- (void)paymentDriver:(id)driver requestsDismissalOfViewController:(UIViewController *)viewController {
    [self dismissViewControllerAnimated:YES completion:nil];
}

If the user successfully completes the 3D Secure process, the callback block will receive a BTThreeDSecureCardNonce. You should transmit the nonce to your server and create a transaction.

Objective-C Swift
// Kick off 3D Secure flow. This example uses a value of $10.
[self.threeDSecure verifyCardWithNonce:tokenizedCard.nonce
                                amount:[NSDecimalNumber decimalNumberWithString:@"10"]
                            completion:^(BTThreeDSecureCardNonce *card, NSError *error) {
                                if (card) {
                                      // (Optional:) Update your UI with card details
                                      self.yourCardNumberLabel.text = card.lastTwo;
                                      self.yourCardTypeLabel.text = card.typeString;

                                      // Transmit the payment method nonce to your server
                                      NSString *paymentMethodNonce = card.nonce;
                                  } else if (error) {
                                      // Handle errors
                                  } else {
                                      // User canceled
                                  }
                            }];
}];

If the user cancels the 3D Secure authentication, the completion block will be called and and both parameters will be nil.

In order to perform 3D Secure authentication again, a new nonce needs to be supplied.

If the 3D Secure process fails, the completion block will be called with an error.

For each request to verify a card, the completion block will be called exactly once.

Verify a vaulted credit card

First, on the server, generate and return a payment method nonce for the vaulted credit card.

Then on the client, you can use the verifyCardWithNonce:amount:completion: method just as before and pass it the newly-generated nonce.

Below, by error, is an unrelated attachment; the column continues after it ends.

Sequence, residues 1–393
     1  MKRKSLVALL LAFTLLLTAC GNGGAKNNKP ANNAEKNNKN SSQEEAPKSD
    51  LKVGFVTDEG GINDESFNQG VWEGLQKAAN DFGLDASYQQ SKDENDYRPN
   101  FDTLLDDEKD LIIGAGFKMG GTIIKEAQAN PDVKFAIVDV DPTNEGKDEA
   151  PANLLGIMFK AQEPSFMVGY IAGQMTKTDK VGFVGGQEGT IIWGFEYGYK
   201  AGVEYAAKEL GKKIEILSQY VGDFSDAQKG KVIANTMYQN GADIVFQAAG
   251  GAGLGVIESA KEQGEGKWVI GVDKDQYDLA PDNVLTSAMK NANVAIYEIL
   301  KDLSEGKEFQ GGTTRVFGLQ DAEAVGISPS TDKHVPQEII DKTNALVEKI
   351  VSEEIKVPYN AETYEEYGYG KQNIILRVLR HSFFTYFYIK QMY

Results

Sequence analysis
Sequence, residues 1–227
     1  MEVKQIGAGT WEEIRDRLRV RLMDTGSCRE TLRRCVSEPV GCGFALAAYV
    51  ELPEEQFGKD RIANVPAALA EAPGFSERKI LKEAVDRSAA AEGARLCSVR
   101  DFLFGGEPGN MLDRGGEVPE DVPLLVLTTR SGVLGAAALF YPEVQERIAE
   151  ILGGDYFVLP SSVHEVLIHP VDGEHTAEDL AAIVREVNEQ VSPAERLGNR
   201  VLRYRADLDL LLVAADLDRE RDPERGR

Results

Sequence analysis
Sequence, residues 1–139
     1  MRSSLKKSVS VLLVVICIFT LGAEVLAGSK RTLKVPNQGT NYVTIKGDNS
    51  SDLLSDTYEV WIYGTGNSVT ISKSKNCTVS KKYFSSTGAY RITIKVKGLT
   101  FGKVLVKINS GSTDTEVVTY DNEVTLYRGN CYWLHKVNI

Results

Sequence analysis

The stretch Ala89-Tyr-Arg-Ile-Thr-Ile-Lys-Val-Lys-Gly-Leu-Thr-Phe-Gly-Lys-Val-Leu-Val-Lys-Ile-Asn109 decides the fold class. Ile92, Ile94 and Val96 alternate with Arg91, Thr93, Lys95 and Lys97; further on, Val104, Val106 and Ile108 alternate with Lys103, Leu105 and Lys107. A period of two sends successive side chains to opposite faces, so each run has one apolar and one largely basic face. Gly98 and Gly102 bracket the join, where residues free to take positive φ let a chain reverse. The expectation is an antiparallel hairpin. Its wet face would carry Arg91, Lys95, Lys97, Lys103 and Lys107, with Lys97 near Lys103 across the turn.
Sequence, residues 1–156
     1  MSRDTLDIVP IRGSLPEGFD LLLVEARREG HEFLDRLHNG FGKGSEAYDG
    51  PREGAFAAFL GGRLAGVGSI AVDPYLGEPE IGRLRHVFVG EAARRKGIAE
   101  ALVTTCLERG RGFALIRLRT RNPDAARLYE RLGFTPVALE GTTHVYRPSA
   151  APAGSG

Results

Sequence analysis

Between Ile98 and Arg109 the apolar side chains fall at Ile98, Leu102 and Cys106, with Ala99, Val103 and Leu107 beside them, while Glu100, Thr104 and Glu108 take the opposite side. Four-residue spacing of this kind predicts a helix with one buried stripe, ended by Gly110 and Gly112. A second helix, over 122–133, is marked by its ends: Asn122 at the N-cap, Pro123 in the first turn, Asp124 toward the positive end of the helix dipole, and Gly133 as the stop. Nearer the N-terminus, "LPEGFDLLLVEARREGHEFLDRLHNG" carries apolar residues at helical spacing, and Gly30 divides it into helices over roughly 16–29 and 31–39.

Advanced client-side options

We expose additional information about the authentication request that you can use for more advanced UI flows or risk assessment. You should be aware that making such assessments may result in accepting the liability for fraudulent transactions.

These parameters pass through the client-side first and should not be trusted for your server-side risk assessment. They should be used for UI flow only.

Objective-C Swift
// In this example, `card` is a `BTThreeDSecureCardNonce`.
if (card.liabilityShiftPossible && card.liabilityShifted) {
    NSLog(@"liability shift possible and liability shifted");
} else {
    NSLog(@"3D Secure authentication was attempted but liability shift is not possible");
}
  1. liabilityShifted indicates that 3D Secure worked and authentication succeeded. This will also be true if the issuing bank does not support 3D Secure, but the payment method does. In both cases, the liability for fraud has been shifted to the bank. You should go on creating a transaction using the new nonce.
  2. liabilityShiftPossible indicates that the payment method was eligible for 3D Secure. If liabilityShifted is false, then the user failed 3D Secure authentication. In this situation, the card brands recommend asking the user for another form of payment. However, if you have server-side risk assessment processes that allow for it, you can still use the new nonce to create a transaction. If you want to use a nonce that did not pass 3D Secure authentication, you need to set the required option to false in your server integration.
  3. If both of the above values are false then this card was ineligible for 3D Secure. You can continue to create the transaction with the new nonce. However, liability shift will not apply to this transaction. This case may be useful if you would like to ask the user for additional verification (AVS, etc).

Next: Server-side →